Introduction: Obesity has been associated with increased androgenicity in women, however there are conflicting data on this subject. Objectives: To determine whether any androgen is independently related to body mass index (BMI), waist-to-hip ratio (WHR) or age. To access if there is an association between elevated plasma androgen levels and the presence of either morbid obesity or metabolic syndrome (MS).
Design and Methods: A total of 148 obese women were evaluated in their first obesity medical appointment: 105 premenopausal and 43 postmenopausal. Anthropometric variables, plasma androgen (total testosterone; T, free testosterone; FT, dehydroepiandrosterone sulfate; DHEA-S, androstenedione) and sex hormone binding globulin (SHBG) concentrations were measured. The correlation coefficient and Fishers exact test were used, respectively, to determine the strength of the linear relationship and to evaluate the non-random association among variables.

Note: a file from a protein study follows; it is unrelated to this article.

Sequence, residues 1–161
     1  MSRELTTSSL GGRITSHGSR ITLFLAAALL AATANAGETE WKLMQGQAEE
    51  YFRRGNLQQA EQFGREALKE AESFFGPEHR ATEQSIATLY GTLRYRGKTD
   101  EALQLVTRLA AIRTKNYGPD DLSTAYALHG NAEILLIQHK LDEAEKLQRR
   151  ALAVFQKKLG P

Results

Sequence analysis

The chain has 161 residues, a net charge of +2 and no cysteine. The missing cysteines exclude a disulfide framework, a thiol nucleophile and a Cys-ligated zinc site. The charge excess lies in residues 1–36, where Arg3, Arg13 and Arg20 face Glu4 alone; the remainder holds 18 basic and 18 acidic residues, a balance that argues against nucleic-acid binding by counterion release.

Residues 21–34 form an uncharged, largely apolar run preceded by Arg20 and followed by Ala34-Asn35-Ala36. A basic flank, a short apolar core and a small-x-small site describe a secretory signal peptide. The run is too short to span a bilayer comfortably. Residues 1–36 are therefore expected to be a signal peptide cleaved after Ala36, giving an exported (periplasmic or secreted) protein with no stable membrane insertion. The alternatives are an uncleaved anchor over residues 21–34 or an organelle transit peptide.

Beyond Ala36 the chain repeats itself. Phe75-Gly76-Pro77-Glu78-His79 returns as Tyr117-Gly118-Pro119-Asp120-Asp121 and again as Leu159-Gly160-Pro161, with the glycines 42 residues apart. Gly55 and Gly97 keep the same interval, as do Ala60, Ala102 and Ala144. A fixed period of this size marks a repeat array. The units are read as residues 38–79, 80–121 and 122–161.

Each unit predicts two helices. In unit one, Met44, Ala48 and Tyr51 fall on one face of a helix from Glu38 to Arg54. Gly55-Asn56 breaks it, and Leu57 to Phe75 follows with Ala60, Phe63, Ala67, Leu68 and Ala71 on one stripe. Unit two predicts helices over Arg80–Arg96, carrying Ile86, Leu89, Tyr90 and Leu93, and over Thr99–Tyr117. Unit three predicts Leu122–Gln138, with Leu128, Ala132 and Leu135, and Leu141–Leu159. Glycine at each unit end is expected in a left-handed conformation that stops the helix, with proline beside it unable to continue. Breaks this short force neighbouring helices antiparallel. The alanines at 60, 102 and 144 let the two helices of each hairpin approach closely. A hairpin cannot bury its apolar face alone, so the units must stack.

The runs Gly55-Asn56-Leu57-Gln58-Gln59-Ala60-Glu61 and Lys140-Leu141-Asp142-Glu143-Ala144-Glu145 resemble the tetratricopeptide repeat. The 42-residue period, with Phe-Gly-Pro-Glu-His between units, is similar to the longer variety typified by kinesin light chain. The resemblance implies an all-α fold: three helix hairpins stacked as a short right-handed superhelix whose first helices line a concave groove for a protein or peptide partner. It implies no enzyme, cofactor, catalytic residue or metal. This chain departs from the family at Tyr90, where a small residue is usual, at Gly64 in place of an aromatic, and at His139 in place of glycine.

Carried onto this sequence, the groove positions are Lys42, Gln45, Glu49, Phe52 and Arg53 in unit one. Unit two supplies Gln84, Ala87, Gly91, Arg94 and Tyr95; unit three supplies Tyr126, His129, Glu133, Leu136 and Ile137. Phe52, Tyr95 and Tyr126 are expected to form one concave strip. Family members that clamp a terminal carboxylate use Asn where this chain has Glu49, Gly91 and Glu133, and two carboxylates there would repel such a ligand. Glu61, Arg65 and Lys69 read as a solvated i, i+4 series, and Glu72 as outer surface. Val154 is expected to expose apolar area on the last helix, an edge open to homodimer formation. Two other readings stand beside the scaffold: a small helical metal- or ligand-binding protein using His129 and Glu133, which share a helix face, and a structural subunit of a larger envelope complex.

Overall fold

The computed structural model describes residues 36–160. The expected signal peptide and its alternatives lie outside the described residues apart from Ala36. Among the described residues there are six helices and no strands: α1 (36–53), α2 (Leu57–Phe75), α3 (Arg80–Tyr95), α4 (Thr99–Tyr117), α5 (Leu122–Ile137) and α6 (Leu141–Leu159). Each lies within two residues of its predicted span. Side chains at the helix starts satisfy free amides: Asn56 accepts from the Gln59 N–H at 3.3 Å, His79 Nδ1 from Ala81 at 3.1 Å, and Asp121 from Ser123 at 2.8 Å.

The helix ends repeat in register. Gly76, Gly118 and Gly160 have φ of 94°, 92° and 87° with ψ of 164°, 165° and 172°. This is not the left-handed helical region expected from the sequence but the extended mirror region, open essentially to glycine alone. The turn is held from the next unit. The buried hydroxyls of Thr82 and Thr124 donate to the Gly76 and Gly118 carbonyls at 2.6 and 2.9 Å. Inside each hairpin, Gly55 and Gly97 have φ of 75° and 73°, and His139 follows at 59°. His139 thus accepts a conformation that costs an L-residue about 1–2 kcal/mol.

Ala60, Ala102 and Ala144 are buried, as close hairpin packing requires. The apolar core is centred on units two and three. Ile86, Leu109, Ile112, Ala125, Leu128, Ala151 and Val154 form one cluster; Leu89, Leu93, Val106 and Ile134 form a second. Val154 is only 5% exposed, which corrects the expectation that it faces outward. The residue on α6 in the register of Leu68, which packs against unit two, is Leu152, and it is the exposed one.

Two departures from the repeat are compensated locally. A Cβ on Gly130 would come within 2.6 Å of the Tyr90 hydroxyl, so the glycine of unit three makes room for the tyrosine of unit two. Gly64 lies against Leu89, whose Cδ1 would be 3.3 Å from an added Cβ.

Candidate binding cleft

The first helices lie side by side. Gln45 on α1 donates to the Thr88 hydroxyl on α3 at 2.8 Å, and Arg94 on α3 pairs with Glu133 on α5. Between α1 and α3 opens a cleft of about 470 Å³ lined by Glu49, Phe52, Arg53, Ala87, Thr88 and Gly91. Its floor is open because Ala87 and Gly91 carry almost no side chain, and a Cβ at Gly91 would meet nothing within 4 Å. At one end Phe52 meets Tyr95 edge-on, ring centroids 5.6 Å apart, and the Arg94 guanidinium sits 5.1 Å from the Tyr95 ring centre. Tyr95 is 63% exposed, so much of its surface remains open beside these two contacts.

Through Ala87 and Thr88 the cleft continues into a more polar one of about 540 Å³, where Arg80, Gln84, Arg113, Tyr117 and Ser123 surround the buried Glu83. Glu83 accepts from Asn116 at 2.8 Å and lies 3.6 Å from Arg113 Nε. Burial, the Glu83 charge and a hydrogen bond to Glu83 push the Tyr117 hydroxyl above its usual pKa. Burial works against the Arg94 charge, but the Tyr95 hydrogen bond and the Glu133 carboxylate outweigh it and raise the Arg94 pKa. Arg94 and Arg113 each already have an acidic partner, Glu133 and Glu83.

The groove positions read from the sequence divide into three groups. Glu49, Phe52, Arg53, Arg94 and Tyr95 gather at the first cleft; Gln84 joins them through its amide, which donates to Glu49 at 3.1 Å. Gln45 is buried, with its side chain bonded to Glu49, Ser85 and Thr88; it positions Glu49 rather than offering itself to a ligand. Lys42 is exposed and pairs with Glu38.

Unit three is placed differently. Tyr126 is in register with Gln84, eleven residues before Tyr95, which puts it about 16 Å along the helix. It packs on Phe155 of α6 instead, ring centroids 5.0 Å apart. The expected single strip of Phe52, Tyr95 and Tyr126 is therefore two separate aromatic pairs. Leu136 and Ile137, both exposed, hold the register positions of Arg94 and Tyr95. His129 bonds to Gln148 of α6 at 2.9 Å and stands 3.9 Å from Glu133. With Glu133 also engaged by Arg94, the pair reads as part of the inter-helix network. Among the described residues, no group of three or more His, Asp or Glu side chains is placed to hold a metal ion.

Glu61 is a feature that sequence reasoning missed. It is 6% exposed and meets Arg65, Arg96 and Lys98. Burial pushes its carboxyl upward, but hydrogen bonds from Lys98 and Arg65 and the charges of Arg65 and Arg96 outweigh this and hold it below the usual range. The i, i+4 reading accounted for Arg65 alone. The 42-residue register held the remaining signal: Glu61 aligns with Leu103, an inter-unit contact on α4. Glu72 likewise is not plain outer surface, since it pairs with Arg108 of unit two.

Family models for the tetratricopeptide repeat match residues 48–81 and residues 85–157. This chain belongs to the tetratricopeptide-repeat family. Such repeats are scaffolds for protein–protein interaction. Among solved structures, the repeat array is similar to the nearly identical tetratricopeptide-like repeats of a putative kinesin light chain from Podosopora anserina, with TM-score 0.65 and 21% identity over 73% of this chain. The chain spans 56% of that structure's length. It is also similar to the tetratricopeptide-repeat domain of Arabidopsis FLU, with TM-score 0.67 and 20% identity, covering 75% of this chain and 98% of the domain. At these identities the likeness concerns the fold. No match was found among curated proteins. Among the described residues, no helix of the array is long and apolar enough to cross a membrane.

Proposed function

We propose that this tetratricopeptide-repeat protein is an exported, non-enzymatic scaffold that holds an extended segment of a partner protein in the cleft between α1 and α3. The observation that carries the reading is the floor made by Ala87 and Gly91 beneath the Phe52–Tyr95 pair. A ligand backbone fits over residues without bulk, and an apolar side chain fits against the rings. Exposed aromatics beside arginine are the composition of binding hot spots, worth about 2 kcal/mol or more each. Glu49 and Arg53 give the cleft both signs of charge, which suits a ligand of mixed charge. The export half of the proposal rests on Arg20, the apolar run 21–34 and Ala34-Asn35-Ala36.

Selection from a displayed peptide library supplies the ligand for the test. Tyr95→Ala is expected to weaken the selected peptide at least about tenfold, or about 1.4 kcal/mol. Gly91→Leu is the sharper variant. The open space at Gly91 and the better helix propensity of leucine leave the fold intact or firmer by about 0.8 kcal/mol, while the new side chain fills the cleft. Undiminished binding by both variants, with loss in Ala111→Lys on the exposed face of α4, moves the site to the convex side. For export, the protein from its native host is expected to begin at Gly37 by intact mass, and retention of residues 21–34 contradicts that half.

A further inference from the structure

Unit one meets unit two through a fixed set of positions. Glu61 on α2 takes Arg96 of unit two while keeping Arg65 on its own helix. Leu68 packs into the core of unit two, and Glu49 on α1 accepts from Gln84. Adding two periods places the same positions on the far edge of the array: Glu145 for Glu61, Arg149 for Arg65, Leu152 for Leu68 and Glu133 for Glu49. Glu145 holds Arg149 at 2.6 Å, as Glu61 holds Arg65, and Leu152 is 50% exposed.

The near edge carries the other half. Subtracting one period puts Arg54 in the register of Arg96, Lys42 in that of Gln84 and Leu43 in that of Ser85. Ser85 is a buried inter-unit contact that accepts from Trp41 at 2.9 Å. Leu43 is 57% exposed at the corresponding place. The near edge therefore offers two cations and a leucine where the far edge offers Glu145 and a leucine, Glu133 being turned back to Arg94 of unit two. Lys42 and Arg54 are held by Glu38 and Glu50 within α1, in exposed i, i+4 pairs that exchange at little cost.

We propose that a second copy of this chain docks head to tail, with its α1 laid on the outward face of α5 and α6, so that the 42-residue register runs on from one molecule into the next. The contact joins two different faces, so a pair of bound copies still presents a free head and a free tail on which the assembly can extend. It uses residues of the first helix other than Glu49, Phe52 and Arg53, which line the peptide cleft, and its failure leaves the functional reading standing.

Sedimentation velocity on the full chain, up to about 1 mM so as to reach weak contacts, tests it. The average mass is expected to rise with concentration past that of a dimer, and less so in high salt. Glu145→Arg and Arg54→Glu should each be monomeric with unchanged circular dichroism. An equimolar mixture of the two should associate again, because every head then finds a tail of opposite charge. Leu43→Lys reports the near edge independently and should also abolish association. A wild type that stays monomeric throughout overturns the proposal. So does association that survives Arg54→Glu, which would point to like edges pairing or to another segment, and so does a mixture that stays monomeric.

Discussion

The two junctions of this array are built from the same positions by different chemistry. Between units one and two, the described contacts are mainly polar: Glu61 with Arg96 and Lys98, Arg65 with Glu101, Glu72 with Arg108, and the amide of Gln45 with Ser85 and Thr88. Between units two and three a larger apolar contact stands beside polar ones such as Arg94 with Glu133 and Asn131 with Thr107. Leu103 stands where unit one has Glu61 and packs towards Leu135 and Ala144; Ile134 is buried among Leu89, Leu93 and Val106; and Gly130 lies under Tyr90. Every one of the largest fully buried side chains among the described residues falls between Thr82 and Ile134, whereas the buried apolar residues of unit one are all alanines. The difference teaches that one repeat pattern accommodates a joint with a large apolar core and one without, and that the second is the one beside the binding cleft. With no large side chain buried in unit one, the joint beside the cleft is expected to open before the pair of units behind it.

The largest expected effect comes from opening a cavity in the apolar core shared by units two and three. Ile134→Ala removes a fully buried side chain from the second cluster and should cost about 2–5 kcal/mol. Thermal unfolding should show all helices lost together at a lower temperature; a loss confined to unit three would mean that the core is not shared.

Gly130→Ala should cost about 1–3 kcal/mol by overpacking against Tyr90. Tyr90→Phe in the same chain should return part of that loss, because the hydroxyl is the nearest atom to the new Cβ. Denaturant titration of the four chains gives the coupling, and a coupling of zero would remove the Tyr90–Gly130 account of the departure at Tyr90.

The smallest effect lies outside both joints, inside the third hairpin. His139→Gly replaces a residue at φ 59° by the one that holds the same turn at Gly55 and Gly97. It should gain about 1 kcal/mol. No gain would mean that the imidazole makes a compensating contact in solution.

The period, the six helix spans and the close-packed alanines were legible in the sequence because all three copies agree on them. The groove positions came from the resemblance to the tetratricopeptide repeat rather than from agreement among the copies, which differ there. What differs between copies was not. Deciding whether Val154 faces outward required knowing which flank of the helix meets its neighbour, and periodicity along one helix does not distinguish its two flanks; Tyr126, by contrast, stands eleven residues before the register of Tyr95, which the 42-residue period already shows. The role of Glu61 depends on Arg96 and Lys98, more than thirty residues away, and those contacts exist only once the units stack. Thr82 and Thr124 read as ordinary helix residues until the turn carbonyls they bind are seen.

Results: The patients had mean age of 41.8±11.7 years and mean BMI of 40.5±7.5 kg/m2; 60.1% of the women had morbid obesity. In premenopausal women, BMI was negatively correlated with SHBG (r=−0.21; P<0.05) and positively correlated with FT (r=0.27; P<0.05) and androstenedione (r=0.25; P<0.05). Age was negatively correlated with FT (r=−0.26; P<0.05), T (r=−0.26; P<0.05), DHEA-S (r=−0.35; P<0.05), androstenedione (r=−0.33; P<0.05) and T/SHBG ratio (r=−0.34; P<0.05). There was a positive correlation between WHR and DHEA-S (r=0.2; P<0.05). On the other hand, in postmenopausal women, there was only a negative correlation between BMI and SHBG (r=−0.46; P<0.05). There wasnt an association between elevated serum androgen levels and the presence of morbid obesity or metabolic syndrome (MS).
Conclusions: In this study it was found a correlation between BMI and age with some of the studied androgens, only in premenopausal women.
03 - 07 May 2008
European Society of Endocrinology